Scientist Steven Benner believes that organic compounds required for the original development of living organisms on earth could not have arisen on earth, but instead may have come from Mars. This is a fairly controversial theory. What would make a well-respected scientist in molecular biophysics and biochemistry, with a B.S./M.S. degree in Molecular Biophysics and Biochemistry from Yale University and a Ph.D. in Chemistry from Harvard, risk his reputation and credibility? What would make this individual present a highly controversial idea at a large international conference of geologists where “half the room will be adamantly against his idea. People will probably throw things.”
For an individual to take such a chance would mean one or all of the following three things:
- He is completely sure that his theory is correct, and he is willing to go to great lengths to defend it, no matter how outrageous it is.
- He doesn’t care how outrageous others may think that his theory is, and he will present it anyway.
- He is desperate, and can think of no other theory to explain the problem at hand.
Dr. Benner presented this controversial theory at the August 2013 Goldschmidt conference in Florence. Steven Benner is a Ph.D. and has worked at Harvard University, the Swiss Federal Institute of Technology Zürich, and at the University of Florida. However, he also created the Foundation For Applied Molecular Evolution. One of the research focuses of FFAME is stated on their website:
“We understand ourselves and the life around us by understanding how we came to be. The Foundation uses evolutionary analysis to ask why we are the way we are and how we might have been different.”
Essentially, Dr. Benner and FFAME are intimately involved in exploring how life could have arisen on earth spontaneously from a random mixture of chemicals, lightning strikes, and an occasional erupting volcano. Others have referred to this as a “primordial ooze”. However, I do not believe that the most important point about his theory is that Mars was the original source of the of organic chemicals required for life on earth. Instead, what I find important is that Dr. Benner believes that it would have been impossible for these vital organic chemicals to have spontaneously formed in the earth’s environment. Thus, the out-of-this-world Mars hypothesis.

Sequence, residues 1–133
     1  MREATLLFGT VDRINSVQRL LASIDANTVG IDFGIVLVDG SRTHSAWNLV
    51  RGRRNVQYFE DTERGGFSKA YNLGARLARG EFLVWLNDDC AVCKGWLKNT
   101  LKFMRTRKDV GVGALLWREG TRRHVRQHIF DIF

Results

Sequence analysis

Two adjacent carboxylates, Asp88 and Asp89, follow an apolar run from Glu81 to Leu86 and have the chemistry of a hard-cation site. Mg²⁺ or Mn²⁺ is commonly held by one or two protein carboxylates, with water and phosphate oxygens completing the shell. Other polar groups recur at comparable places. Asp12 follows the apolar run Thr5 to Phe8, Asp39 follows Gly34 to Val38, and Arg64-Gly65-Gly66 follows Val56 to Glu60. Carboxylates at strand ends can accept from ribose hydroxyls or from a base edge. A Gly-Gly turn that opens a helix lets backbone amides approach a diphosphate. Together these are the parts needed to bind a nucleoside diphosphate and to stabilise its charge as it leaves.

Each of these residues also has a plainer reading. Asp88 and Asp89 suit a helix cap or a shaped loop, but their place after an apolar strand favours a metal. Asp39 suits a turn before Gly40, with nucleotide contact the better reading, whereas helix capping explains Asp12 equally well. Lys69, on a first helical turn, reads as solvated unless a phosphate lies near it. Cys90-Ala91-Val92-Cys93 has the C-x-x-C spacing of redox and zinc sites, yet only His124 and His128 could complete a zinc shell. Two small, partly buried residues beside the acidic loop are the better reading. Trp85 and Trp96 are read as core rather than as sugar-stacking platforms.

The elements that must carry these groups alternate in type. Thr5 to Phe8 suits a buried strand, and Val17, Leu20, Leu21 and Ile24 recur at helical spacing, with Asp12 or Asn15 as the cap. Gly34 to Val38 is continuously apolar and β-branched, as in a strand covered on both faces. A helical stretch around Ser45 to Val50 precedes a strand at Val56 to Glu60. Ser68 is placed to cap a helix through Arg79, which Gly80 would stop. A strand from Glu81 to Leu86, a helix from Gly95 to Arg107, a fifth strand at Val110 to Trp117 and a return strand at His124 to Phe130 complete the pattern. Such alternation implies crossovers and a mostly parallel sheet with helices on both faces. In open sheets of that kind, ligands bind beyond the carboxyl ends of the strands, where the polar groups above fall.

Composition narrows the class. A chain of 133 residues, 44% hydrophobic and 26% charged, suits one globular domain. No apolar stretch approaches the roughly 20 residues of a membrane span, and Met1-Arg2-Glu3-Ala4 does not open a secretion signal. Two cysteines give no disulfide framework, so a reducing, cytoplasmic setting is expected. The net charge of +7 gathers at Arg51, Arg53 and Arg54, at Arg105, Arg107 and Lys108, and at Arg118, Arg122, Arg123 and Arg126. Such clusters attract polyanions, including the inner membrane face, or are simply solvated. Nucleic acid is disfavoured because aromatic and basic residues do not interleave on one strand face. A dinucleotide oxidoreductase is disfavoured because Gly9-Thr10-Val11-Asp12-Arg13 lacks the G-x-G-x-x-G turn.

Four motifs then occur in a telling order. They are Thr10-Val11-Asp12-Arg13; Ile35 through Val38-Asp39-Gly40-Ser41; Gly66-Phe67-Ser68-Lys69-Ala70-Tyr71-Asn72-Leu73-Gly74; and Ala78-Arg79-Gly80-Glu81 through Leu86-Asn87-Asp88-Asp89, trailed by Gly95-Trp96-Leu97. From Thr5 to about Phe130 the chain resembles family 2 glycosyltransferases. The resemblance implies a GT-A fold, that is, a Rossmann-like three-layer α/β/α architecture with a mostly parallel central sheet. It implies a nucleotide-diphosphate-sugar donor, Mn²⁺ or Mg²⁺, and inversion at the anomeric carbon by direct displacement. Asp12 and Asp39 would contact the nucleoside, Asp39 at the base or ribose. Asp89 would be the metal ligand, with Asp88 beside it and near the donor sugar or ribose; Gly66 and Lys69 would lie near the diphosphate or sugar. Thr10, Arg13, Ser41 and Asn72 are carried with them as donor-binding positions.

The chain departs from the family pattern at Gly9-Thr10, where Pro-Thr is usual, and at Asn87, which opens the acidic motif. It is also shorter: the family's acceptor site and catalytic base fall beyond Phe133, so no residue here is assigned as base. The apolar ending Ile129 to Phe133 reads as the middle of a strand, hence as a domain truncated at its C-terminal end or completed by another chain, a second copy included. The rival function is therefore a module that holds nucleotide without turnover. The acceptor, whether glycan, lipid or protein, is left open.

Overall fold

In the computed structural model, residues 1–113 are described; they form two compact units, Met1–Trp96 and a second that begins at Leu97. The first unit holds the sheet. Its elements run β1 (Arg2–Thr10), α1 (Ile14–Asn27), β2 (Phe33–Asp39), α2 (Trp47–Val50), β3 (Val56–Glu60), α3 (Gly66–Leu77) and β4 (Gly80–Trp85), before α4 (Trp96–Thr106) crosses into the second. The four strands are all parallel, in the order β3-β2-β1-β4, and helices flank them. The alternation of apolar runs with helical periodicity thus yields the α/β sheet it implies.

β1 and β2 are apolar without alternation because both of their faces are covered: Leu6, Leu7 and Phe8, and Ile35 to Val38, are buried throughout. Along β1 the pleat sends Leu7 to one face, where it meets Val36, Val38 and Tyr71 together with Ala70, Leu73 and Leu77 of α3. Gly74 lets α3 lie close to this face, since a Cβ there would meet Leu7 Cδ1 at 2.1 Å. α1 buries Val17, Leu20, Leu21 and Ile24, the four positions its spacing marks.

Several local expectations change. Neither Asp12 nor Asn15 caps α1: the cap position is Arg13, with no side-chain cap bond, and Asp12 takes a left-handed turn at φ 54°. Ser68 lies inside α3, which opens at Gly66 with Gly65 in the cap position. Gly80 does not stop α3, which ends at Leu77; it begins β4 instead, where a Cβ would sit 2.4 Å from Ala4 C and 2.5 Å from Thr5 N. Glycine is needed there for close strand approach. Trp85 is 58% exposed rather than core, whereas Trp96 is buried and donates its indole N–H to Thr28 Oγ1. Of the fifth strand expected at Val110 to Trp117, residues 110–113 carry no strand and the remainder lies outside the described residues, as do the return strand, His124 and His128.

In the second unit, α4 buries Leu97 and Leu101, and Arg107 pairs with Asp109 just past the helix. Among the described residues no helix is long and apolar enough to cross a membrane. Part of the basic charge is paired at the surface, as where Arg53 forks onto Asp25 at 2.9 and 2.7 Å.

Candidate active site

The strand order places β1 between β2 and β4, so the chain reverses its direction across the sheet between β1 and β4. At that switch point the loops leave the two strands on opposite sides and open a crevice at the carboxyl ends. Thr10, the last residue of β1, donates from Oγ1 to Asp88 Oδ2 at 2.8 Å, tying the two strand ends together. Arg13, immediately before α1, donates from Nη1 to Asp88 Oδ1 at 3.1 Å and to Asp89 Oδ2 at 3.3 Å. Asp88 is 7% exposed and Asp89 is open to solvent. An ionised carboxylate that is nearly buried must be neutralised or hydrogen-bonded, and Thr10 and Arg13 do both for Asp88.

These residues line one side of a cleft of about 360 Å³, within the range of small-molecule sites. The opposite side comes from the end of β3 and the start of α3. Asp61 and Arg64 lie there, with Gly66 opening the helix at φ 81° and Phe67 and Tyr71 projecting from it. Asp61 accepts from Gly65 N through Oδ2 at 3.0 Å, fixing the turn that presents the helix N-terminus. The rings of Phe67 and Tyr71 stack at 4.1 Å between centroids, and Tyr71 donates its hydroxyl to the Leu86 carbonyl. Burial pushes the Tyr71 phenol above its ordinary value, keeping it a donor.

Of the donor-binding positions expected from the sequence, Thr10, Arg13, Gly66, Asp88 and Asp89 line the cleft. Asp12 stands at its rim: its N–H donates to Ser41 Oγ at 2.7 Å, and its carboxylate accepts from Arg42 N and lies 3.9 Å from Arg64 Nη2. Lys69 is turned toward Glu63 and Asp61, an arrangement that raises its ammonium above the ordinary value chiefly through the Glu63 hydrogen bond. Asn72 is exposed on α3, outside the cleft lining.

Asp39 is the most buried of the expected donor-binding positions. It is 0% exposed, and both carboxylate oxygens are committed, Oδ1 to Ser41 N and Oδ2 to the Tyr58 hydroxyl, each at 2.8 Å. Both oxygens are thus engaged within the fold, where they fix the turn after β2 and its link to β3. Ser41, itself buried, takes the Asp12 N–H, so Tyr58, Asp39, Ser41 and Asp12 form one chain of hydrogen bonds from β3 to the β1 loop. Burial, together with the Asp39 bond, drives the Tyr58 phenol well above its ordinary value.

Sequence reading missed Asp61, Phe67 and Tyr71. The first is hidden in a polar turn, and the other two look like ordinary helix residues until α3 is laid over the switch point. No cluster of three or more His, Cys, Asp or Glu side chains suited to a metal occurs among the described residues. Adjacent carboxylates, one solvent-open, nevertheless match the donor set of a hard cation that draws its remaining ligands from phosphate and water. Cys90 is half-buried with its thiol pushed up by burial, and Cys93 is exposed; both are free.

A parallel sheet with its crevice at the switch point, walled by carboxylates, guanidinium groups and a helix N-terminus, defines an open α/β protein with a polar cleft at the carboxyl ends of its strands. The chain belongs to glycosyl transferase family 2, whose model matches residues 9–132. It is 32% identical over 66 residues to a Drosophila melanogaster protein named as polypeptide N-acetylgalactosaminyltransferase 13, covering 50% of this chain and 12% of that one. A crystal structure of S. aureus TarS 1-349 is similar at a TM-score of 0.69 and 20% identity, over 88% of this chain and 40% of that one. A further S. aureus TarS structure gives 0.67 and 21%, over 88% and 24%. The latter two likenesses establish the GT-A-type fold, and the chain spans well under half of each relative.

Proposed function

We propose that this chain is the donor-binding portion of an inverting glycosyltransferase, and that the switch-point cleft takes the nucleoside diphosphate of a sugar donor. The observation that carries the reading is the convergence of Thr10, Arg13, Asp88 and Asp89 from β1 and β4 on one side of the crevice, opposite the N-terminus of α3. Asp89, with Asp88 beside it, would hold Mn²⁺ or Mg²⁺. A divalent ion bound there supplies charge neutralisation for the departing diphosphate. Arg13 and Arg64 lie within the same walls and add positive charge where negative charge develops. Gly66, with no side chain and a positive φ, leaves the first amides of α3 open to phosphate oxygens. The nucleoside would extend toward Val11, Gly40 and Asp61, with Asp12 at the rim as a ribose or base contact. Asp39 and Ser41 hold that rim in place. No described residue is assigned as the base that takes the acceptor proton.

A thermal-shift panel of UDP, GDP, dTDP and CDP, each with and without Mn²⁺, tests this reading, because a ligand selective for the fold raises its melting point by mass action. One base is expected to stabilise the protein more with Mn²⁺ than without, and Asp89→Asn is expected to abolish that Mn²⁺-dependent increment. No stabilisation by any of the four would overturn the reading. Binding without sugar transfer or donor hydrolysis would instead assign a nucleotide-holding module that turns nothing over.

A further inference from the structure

Why not Earth?
No one knows how life started on Earth. No one witnessed the event. The Bible clearly states in Genesis 1 that God created the earth, the heavens, the sun and the moon, the stars, light, plants, animals, and man on the different days of Creation. However, many Christians, while professing faith in Jesus Christ as Savior, doubt the literal Creation account in Genesis, and instead believe that life could have evolved from scratch, from a primordial ooze, and subsequently evolved over millions of years. Dr. Benner is disputing this idea, stating instead that life must have come from outside of the earth.
Many scientists believe that the earth has long been covered with water, and water is actually an inhospitable environment for organic chemicals to arise. “Most people think that water is essential for life. Very few people understand how corrosive water is”, Benner says. Scientists who believe that life started from scratch generally agree that RNA was the most vital compound to have originally, even before proteins. Water is extremely corrosive– to RNA, and bonds cannot be made within water, preventing long-strands from forming. RNA is similar to DNA, and is found in living cells and carries genetic information much like DNA does. However, proteins are formed directly from RNA rather than DNA in the cell. The problem of water being vital for life and yet preventing the formation of organic compounds is often referred to as the “Water Paradox”.